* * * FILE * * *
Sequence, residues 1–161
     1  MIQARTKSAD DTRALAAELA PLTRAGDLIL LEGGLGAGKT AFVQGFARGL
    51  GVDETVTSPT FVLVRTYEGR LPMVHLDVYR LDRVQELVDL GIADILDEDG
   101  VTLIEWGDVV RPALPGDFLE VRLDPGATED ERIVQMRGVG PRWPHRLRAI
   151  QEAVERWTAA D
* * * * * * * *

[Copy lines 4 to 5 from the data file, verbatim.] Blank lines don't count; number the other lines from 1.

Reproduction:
   101  VTLIEWGDVV RPALPGDFLE VRLDPGATED ERIVQMRGVG PRWPHRLRAI
   151  QEAVERWTAA D